A Catholic mom, her Jewish husband and mother-in-law, and a couple of kids raised somewhere in the middle. Meet the protagonists of Gary Lamb’s Somewhere in the Middle (or guess who’s coming for Passover), a World Premiere Crown City Theatre Company dramedy that transcends its “Very Special Episode” premise to make for a discussion-prompting, terrifically acted look at the religious ties that rarely bind in today’s polarized world.

“Good Yom Tov,” a Weird Al Yankovich-style takeoff on The Rascal’s “Good Lovin’,” sets a lighthearted tone as we are introduced to the ever-kvetching, guilt-inducing Grandma Roz (Cynthia Kania), whose three-month stay with adult son David (Richard Van Slyke), daughter-in-law Lauren (Saige Spinney), and teenage grandson Adam (Adam Simon Krist) has stretched into a year and counting.

Completing the family circle is 20-year-old Sarah (Julie Lanctot), off studying philosophy at Stanford but on a plane back to Chicago for a Passover visit that promises at least one humdinger of a surprise.

Though press materials (and a production still you won’t find here) reveal the nature of the first surprise Sarah has in store for her family, I’ll refrain from spoiling it.

Suffice it to say it’s a doozy, though the even bigger whammy Sarah has planned for David and Lauren turns out to be Jamal (Luke King), smart, handsome, British, black, and as his name might suggest, about to add something extra to an already combustible ethno-religious mix.

Yes, Somewhere In The Middle does feature its fair share of sitcom-style setup-and-punch jokes (“The Orthodox are crazy! They don’t even eat lobster!”) and yes, there are times when conversations veer into talking points, but the points being made are hardly out of the question given the circumstances at hand.

Since Lauren is Catholic, does that mean her children aren’t actually Jewish? (Having been raised somewhere in the middle, all the kids know for sure is that “Jesus was a Jew who celebrates his birthday on Hanukah and comes back from the dead to deliver Easter eggs for Passover.”) On a related note, does the word “Jewish” refer to a race, a religion or both? And this is just small latkes compared to when talk turns to the Middle East.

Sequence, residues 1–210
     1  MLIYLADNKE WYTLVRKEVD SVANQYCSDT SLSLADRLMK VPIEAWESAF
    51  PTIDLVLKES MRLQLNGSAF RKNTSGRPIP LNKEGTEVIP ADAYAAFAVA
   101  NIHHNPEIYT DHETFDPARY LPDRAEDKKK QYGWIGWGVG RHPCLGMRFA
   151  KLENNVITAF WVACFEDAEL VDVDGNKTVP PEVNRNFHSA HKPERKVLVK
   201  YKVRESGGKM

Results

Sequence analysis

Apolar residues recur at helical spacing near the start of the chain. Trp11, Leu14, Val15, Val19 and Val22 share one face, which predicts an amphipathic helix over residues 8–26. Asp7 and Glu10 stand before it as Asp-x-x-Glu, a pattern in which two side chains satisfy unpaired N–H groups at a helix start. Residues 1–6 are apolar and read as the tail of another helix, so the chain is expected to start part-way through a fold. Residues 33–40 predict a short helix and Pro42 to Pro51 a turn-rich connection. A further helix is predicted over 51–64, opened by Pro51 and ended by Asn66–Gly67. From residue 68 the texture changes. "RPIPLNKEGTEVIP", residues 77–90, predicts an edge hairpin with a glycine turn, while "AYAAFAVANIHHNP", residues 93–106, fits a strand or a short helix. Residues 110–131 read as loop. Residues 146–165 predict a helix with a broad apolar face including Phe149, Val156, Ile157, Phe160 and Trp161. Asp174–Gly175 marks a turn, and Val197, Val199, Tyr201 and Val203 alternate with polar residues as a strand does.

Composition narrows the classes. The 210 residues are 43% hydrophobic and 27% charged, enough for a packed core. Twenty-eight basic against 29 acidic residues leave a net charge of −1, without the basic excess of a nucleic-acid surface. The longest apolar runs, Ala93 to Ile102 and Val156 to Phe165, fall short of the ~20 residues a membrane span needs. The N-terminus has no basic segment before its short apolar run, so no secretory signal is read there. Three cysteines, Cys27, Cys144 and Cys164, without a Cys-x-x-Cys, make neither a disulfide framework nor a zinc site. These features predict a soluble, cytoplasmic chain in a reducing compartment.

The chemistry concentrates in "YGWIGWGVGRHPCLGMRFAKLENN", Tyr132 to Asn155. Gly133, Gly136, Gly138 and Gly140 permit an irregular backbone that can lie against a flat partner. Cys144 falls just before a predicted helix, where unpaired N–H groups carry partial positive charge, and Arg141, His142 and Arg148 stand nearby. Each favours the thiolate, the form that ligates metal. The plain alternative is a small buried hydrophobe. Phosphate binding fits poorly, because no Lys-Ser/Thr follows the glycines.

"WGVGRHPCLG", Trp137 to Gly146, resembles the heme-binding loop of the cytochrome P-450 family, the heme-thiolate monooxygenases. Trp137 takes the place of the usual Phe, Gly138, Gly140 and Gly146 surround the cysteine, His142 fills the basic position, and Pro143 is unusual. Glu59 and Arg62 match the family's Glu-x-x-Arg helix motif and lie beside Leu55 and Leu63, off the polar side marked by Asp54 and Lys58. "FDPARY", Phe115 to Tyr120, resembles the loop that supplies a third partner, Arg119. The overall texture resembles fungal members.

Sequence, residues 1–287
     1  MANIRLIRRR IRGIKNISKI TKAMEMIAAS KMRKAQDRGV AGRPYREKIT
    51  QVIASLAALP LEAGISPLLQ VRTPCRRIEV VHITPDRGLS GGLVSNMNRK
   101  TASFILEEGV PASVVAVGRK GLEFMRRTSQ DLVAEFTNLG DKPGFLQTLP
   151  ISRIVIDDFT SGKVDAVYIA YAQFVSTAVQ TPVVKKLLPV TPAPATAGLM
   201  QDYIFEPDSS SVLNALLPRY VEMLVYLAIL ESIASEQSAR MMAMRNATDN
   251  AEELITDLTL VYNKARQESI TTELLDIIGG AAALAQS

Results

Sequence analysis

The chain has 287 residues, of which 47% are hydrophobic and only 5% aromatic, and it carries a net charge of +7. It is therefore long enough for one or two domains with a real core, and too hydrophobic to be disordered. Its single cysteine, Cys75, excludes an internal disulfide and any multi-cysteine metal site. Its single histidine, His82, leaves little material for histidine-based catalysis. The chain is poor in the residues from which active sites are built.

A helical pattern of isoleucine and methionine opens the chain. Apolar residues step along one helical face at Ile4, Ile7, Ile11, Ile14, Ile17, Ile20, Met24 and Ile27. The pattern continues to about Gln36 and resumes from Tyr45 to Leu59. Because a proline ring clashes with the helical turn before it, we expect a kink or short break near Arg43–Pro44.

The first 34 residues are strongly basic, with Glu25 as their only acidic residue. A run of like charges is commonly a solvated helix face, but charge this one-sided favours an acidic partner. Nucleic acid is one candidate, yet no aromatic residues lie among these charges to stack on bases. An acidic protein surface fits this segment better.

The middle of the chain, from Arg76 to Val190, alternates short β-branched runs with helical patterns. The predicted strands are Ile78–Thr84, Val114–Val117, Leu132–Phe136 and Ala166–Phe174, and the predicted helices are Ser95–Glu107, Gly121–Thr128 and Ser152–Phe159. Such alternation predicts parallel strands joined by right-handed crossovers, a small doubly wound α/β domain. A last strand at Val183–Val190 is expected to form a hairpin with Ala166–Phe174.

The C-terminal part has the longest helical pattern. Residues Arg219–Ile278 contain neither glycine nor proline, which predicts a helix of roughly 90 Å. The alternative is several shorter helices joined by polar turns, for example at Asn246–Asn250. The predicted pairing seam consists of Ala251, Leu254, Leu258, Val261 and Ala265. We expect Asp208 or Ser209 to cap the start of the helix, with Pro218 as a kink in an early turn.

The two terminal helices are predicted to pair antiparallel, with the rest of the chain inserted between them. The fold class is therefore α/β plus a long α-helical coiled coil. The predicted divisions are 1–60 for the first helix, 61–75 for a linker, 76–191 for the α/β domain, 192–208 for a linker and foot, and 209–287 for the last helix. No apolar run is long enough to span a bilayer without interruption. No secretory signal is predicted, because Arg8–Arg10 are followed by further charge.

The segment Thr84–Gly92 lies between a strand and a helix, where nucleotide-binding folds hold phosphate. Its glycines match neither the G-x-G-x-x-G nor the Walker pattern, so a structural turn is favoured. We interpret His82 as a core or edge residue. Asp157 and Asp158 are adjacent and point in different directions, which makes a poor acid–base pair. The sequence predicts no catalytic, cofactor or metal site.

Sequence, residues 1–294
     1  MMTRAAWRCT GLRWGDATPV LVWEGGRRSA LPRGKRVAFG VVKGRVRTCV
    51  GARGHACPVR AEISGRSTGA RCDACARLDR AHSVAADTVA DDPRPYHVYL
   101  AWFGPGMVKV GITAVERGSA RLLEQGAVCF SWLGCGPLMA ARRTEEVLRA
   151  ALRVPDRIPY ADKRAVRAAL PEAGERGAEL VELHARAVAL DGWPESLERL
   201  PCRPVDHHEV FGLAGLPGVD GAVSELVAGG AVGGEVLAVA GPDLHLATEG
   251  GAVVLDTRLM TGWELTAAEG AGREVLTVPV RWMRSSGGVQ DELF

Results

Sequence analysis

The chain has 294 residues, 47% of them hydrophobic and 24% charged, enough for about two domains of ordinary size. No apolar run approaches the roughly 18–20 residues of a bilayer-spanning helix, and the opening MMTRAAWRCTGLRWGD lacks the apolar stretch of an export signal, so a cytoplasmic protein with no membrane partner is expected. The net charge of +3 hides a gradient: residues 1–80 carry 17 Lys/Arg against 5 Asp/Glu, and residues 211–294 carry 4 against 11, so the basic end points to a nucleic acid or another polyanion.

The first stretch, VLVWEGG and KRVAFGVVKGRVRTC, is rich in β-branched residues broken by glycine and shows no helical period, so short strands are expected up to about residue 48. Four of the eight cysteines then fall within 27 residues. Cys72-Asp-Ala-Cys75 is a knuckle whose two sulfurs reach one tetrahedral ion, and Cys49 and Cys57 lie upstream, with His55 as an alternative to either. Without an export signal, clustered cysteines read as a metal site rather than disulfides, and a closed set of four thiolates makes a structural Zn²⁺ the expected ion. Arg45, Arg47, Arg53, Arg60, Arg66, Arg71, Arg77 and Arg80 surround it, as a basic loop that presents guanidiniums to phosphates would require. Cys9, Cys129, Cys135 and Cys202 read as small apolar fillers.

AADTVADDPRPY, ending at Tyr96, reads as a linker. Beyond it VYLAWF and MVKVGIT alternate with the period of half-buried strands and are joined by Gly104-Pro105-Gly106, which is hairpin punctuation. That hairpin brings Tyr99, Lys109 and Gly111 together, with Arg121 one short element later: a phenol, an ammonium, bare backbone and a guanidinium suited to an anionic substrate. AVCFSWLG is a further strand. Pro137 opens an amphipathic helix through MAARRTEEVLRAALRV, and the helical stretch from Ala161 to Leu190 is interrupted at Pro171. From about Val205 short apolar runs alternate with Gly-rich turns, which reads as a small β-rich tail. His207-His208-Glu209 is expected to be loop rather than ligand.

Without this meat, Somewhere In The Middle might be nothing more than a contemporary Abie’s Irish Rose, and it wouldn’t get you to thinking just as often as you find yourself laughing at the jokes.

At a brisk eighty-five minutes (not counting intermission), it does seem a bit of a stretch to divide Somewhere In The Middle into two acts, particularly these days when “ninety-minutes, no intermission” are often the sweetest words a theatergoer can hear.

Still, a fifteen-minute break does allow the audience to mull over what they’ve seen and heard even as they sing the praises of yet another terrific Crown City cast displaying laugh-getting comedic timing while fleshing out Lamb’s characters under the playwright’s assured direction.

A subtle, authentic Spinney is a particular standout as a wife and mother who could give Donna Reed lessons in parenting. So is recent UCLA grad Lanctot, who makes her every line sound like it’s being spoken for the first time (and by a young woman of intelligence and depth). As for native Londoner King’s sweet-and-smart Jamal, Sarah’s beau could hardly be more appealing.

A delightfully salty Kania’s against-type casting helps prevent Roz from becoming another standard-issue Jewish mom, Van Slyke’s rare departure from musical comedy reveals an adept dramedian, and Krist plays Adam with smart-alecky flair.

Scenic-and-properties designer Joanne McGee’s meticulously appointed Midwest living room/kitchen set provides a believable backdrop, Amanda Walter’s costumes tell us much about each character, lighting designer/stage manager Zad Potter lights sets, props, and costumes with authenticity, and an uncredited sound design gets its own laughs from between-scenes song parodies like “Gimme Some Latkes.”

Casting is by Reneé Cohen. Zach Louis, Susan J Sommer, A Martin Sottile, Sarah Yannie, and Tony Tambi are alternates.

I approached Somewhere in the Middle (or guess who’s coming for Passover) with some trepidation, if only for its rather unwieldy title. I need not have fretted. The latest from Crown City may not win a Pulitzer, but it’s a crowd-pleasing winner in its own sweet, funny, conversation-starting way.

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Crown City Theater, St. Matthew’s Church, 11031 Camarillo St., North Hollywood.

–Steven Stanley
September 2, 2017
Photos: Rainer Tischler



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